Lower Trent Conservation’s (LTC) restoration of the Trenton greenbelt is about to bloom.
LTC is in the home stretch of completing a two-year project that has been referred to as “restoring the Trenton greenbelt.”
One of the final stages of this project is creating a trail through the small parcel of land that is being converted back to a natural meadow.
Since late 2022, LTC has been working on the shoreline of the Trenton greenbelt, focusing on the ecological health of the area while incorporating elements to create an urban greenspace, making it attractive to both people and wildlife.
Together with volunteers, community partners, and financial support from the Nature Smart Climate Solutions Fund (a Government of Canada’s department of environment and climate change program in partnership with Conservation Ontario) and the Great Lakes Local Action Fund, this area is being transformed into a native wildflower meadow with scattered shade trees, new seating areas, and an accessible walking trail.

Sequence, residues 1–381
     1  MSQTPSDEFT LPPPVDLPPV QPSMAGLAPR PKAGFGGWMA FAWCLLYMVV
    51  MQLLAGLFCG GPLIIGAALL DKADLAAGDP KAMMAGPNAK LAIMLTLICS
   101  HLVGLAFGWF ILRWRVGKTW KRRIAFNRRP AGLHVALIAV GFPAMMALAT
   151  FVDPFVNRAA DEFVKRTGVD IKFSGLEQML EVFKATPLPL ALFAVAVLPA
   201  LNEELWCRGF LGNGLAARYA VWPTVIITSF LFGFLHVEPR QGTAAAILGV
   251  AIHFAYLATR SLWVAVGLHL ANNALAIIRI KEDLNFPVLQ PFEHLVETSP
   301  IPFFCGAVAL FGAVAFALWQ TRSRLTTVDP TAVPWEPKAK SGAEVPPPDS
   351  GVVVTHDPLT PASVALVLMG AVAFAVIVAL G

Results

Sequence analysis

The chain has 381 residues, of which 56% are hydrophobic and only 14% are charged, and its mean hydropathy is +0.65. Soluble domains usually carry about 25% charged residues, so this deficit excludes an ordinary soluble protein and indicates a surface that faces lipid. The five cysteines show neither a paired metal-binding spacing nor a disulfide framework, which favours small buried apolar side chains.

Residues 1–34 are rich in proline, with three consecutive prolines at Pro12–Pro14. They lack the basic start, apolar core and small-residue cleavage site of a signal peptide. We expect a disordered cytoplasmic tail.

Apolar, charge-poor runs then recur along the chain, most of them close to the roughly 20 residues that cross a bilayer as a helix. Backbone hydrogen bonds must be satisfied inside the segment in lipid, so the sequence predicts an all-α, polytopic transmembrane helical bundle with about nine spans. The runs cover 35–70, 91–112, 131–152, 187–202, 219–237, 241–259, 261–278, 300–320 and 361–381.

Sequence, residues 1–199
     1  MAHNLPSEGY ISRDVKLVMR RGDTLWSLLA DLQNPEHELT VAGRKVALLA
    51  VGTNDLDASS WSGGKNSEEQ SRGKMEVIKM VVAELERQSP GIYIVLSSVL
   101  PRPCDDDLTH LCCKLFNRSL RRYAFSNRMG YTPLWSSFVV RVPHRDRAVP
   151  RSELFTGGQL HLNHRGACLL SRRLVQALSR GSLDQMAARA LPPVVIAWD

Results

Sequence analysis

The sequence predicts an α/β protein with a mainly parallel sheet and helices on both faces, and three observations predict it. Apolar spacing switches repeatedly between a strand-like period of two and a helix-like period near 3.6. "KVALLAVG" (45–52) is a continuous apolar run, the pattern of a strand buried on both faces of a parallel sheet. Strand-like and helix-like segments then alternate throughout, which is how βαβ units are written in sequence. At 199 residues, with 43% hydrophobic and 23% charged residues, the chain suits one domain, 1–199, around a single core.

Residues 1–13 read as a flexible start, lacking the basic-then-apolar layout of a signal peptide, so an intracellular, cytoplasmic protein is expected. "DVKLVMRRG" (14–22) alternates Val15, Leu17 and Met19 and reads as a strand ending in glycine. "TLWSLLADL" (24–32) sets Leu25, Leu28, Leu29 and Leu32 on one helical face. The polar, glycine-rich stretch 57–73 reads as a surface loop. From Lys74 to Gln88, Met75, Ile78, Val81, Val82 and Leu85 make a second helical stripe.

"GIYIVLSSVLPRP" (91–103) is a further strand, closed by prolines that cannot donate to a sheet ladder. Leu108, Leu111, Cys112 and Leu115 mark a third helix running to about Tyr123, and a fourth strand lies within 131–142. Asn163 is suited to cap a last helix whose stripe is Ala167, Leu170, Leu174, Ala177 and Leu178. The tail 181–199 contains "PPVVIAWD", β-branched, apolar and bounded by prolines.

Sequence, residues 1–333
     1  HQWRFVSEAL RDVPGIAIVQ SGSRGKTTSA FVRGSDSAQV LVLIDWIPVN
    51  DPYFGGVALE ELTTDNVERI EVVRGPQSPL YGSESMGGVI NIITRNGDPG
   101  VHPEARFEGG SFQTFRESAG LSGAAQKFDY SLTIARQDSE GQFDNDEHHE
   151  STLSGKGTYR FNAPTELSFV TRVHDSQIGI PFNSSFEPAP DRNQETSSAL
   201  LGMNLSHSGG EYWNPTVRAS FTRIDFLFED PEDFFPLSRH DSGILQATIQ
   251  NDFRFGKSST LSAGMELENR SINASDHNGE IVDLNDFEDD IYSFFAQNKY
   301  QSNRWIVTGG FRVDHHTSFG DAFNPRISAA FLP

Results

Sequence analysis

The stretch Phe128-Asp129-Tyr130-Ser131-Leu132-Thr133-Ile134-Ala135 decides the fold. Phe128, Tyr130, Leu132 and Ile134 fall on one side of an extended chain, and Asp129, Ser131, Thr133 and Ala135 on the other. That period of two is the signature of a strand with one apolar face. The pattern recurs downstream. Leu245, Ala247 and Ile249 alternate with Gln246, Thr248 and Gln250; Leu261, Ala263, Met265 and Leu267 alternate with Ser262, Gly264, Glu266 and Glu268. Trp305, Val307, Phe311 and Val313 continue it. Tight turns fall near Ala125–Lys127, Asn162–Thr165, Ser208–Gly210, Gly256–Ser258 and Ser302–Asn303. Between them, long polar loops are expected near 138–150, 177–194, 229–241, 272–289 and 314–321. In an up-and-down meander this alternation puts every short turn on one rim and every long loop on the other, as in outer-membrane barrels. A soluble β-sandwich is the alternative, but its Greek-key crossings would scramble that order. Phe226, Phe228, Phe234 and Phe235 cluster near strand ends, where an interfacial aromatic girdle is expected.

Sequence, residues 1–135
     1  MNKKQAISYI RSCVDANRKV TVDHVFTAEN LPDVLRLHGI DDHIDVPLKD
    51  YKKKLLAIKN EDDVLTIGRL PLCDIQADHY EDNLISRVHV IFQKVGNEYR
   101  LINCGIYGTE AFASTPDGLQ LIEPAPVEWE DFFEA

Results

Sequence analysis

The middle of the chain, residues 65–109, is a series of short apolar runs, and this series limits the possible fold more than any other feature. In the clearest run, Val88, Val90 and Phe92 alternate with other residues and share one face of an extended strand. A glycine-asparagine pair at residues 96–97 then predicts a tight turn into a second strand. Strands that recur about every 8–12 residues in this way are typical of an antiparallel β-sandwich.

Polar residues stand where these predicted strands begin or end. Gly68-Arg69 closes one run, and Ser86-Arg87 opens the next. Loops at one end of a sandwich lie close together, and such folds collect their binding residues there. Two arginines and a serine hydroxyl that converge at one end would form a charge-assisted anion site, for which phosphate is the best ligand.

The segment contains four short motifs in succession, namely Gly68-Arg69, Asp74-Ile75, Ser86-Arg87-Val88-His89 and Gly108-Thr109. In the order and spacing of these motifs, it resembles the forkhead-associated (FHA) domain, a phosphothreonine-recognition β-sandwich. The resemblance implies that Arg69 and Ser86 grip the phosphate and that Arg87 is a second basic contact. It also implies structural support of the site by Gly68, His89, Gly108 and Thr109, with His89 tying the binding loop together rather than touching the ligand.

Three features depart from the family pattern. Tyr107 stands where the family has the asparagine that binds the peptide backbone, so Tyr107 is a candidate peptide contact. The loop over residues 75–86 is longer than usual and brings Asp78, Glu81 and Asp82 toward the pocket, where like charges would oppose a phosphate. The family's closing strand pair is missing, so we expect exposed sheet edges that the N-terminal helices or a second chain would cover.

“By incorporating local grasses, wildflowers, trees, and shrubs, we are not only creating habitat for pollinators, but also building spongey, healthy soils that will absorb rainwater and be resistant to climate change,” said Jason Jobin, LTC environmental stewardship technician.
“We hope everyone enjoys seeing the space evolve over the years.”
Prior to the project’s commencement, the Trenton Greenbelt Conservation Area, located in the heart of Trenton, suffered from compacted soils, invasive species, and minimal biodiversity, which contribute to poor quality shoreline habitat, LTC noted. Ecologically, it was blank canvas for site rehabilitation.
“This has involved extensive collaboration between (LTC) and the City of Quinte West,” said Rhonda Bateman, CAO of LTC.
“We could not have done this without the support and partnership of Quinte West. They have been critical in many aspects of this project, and we are very grateful for their contributions.”
To find out more about the project, visit the website at www.ltc.on.ca.